Mindfulness is non-judgemental present moment awareness. That means you’re not thinking about the past, you’re not thinking about the future, you’re 100% here-and-now. And rather than judging your experience as either good or bad you’re simply accepting it with curiosity.

WHAT DOES MINDFULNESS DO FOR OUR BRAINS?

Evolution has designed us to be miserable. Our ancestors survived to breed because they saw every potential threat as real; by running away from every rustle in the bushes they avoided being killed. Their brains evolved to cling to bad memories, anticipate worse in the future, and fear change and strangers. As a result our amygdalas, almond-sized parts of the brain, react more to negative than positive events, causing a “negativity bias“. Although many of us now live comparatively safe lives our brains still respond to everyday situations as though they mean life or death, noticing negative stimuli around five times more than positive and often interpreting neutral events as negative.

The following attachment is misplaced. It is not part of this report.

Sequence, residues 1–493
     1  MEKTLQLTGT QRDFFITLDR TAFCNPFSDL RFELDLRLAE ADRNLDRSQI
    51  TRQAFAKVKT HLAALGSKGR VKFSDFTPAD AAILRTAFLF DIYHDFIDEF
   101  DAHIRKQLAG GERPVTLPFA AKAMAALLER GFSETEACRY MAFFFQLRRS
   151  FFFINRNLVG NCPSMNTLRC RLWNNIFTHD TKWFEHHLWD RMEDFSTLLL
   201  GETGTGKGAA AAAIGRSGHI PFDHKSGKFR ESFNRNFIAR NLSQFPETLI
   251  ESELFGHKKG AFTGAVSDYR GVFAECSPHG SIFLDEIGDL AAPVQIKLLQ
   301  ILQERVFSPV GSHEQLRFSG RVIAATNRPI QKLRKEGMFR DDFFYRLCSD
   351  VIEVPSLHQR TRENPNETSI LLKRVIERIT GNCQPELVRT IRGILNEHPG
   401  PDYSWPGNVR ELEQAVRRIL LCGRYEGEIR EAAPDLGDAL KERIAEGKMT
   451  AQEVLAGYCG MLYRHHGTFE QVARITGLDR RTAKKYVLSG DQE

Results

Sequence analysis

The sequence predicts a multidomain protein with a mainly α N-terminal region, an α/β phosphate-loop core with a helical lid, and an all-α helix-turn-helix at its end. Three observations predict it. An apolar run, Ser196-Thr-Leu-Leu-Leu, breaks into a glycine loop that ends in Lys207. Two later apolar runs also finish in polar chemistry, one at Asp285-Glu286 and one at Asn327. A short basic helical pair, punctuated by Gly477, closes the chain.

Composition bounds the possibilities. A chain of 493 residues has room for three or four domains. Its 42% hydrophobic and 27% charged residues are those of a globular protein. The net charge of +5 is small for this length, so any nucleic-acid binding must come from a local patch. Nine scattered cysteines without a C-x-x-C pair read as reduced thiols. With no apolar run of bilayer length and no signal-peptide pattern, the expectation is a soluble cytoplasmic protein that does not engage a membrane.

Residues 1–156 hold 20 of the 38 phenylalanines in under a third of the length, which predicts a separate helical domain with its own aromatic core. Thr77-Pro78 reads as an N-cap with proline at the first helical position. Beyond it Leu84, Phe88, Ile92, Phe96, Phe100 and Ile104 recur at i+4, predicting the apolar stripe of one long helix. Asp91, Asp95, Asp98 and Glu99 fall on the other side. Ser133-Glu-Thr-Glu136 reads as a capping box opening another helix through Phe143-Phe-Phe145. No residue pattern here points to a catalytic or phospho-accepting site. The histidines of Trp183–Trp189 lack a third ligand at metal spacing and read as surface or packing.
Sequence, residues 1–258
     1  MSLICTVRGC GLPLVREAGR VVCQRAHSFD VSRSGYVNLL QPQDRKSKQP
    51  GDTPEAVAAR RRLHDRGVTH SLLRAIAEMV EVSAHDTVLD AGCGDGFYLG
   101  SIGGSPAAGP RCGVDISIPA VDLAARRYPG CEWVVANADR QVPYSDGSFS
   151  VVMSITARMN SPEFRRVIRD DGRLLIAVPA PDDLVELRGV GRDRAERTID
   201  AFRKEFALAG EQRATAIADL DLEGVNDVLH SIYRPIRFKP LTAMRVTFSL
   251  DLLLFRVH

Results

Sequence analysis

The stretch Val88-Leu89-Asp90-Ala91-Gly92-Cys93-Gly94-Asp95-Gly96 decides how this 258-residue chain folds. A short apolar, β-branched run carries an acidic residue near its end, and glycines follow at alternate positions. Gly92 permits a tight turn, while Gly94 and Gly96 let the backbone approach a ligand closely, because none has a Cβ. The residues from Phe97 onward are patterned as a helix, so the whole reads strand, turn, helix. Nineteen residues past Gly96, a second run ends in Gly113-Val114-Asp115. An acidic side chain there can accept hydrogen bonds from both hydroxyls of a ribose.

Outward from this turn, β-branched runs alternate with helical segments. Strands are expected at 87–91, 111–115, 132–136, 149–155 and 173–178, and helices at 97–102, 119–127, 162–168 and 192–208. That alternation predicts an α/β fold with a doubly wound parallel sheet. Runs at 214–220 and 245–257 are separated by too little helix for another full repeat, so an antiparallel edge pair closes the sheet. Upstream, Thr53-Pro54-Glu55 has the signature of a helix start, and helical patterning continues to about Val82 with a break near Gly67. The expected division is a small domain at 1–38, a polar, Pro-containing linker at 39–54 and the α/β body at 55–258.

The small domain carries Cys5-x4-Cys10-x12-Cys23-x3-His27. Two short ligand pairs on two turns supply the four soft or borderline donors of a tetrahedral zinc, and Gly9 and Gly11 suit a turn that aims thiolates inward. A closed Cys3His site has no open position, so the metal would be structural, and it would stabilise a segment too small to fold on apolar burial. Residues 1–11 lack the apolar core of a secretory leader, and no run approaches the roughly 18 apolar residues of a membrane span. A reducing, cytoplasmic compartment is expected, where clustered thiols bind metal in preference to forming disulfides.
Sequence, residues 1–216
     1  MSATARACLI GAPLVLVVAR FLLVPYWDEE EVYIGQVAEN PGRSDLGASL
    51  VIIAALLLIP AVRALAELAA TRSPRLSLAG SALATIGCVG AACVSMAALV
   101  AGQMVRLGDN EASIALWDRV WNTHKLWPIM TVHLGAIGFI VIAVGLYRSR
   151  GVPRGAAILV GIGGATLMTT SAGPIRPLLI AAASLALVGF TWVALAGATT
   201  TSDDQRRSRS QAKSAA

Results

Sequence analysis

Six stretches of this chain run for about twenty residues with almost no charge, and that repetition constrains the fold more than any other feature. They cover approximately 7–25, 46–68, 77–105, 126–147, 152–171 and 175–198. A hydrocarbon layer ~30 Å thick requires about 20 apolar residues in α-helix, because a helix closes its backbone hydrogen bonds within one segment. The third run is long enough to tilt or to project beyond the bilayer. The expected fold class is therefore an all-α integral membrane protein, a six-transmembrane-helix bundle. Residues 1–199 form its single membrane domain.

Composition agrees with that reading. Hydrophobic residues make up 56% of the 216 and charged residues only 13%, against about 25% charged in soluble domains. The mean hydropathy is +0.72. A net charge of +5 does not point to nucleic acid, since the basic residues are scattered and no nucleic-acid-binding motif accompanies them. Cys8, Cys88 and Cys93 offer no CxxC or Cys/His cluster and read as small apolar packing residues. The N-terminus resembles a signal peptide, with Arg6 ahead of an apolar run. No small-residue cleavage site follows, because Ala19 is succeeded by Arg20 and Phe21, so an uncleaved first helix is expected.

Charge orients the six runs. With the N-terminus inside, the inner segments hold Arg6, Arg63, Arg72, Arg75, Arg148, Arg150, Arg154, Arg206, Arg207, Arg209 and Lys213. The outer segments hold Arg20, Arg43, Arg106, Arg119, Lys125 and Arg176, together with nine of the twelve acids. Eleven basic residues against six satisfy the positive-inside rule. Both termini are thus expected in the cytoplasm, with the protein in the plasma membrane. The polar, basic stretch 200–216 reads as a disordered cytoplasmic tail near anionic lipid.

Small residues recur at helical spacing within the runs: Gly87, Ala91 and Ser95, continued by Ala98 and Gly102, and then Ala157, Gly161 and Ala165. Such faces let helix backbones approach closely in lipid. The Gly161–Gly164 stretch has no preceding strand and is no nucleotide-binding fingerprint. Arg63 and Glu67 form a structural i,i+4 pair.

Mindfulness reduces the overreaction of the amygdala

The good news is through mindfulness we can rewire our brains, including reducing the amygdala’s overreactions. While once it was believed our brains were hard-wired by the time we reached adulthood, science has shown we continue to generate new brain cells throughout our lives. We can also modify the pathways signals follow within our brains and hence change our habitual ways of thinking.

There’s a saying  “cells that fire together wire together. Simplistically put, when particular messages often travel through our brains those connections become stronger, like pathways worn into a grassy meadow, meaning we’re more likely to think that way in the future. This is how a repeated action like driving eventually becomes automatic. It also means we can either accidentally or deliberately embed patterns of thoughts and hence emotions and behaviour. Given evolution has programmed us to feel disproportionate fear and focus on negative memories we’re naturally set up to feel anxious about the future and sad or angry about the past. However on the upside we can consciously choose to use our brains differently, in particular by practicing mindfulness, creating more constructive habitual thought patterns and emotions.